Goldfields Pipeline: Planning for replacement

We're looking for community feedback to repurpose and recycle ageing pipes along the Golden Pipeline.

back to current projects

Project goal:

We are seeking the ability under the EPBC Act to remove and recycle the above ground pipe as it is progressively replaced over the next 50 years.

Status:

In planning

Delivery Date:

2018 - 2070

What's happening?

The Goldfields Pipeline is over 115 years old and some sections need upgrading or replacing to ensure safe water supply. As the pipeline holds significant historical and cultural value, our aim is to implement a strategy that assures the safe operation of the pipeline, while protecting its heritage value.

The pipeline is on the National Heritage List, which means once sections have been upgraded, removal of older sections requires referral to the Federal Department of Environment and Energy (DEE) for assessment under the Environment Protection and Biodiversity Conservation Act 1999 (EPBC Act Cth).

We’re seeking the ability under the EPBC Act to remove and recycle the above ground pipe as it’s replaced over the next 50 years. We’ve also been gathering community input to prioritise areas of significance along the pipeline for preservation and brainstorm ideas on how to use old pieces of the pipe for the enjoyment of the community.

Where is this happening?

The pipeline travels through around 10 local government areas from Mundaring to Kalgoorlie-Boulder.

The interactive map below shows the age of various sections of the pipe and whether they are currently installed above or below ground. Click on the map to navigate. For more information, use the map legend below or click the toggle button Toggle button - golden pipeline legend .

Map legend  
Locking bar pipeline key - golden pipeline map  Original pipe 1901
Kellerberin pipeline key - golden pipeline map  Pipeline replaced 1935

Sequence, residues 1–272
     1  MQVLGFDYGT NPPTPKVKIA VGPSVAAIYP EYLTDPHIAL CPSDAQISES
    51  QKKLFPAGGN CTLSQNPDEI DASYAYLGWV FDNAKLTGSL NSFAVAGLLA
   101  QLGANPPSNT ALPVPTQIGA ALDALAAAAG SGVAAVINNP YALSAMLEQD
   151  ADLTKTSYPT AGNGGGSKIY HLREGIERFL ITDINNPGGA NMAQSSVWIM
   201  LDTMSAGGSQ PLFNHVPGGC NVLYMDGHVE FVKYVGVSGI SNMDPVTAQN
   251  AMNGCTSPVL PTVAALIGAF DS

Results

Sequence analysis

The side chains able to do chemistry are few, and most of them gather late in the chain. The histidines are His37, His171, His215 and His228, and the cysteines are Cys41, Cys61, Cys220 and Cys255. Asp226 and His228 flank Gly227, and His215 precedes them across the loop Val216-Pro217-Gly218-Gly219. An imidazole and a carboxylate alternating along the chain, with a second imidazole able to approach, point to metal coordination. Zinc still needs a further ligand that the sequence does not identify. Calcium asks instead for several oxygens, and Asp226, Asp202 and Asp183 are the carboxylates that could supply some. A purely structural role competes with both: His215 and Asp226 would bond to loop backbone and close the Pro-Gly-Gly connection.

MSCL pipeline key - golden pipeline map  Pipe replaced after 1935 
Above ground pipeline key - golden pipeline map  Above ground   
Below ground pipeline key - golden pipeline map  Below ground
KM marker pipeline key - golden pipeline map  Km markers 

Why is this work taking place?

At 115 years old, the Goldfields Pipeline is showing its age through wear and tear. We’ll eventually need to upgrade and replace the whole pipeline with below-ground pipe to meet today’s performance, safety, security and cost requirements.

We can’t leave the non-operational pipe where it is as there’s a significant cost associated with maintaining any above-ground pipeline. Without regular maintenance, the non-operational pipeline could present safety risks to the public as it will rust and deteriorate over time. But, because the pipeline is heritage listed, we also can’t just remove it.

We value the heritage of the Golden Pipeline and recognise its importance to the community. So we are considering ways to complete our upgrades while preserving the pipe’s heritage value.

When is this happening?

Work to upgrade the pipe will happen progressively over the next 50 years and sections will be prioritised for replacement according to need. Our construction program is based on a 5 year outlook and the replacement is determined by the age and condition of the pipeline. At this stage, we plan to replace approximately 8-10 kilometres of pipeline per year at various locations over the length of the pipeline.

How will this impact the community?

The Golden Pipeline is part of WA’s history and holds a special place in the hearts of the community. That’s why we’ve been consulting with the community throughout this process. Over the initial consultation period, we saw strong support and ideas for the retention, repurposing and showcasing of the pipeline once it’s no longer in use. These will be investigated further as the project gets underway. Some of these ideas have already been explored, such as repurposing a section of the pipeline as a bar at the Perth International Arts Festival.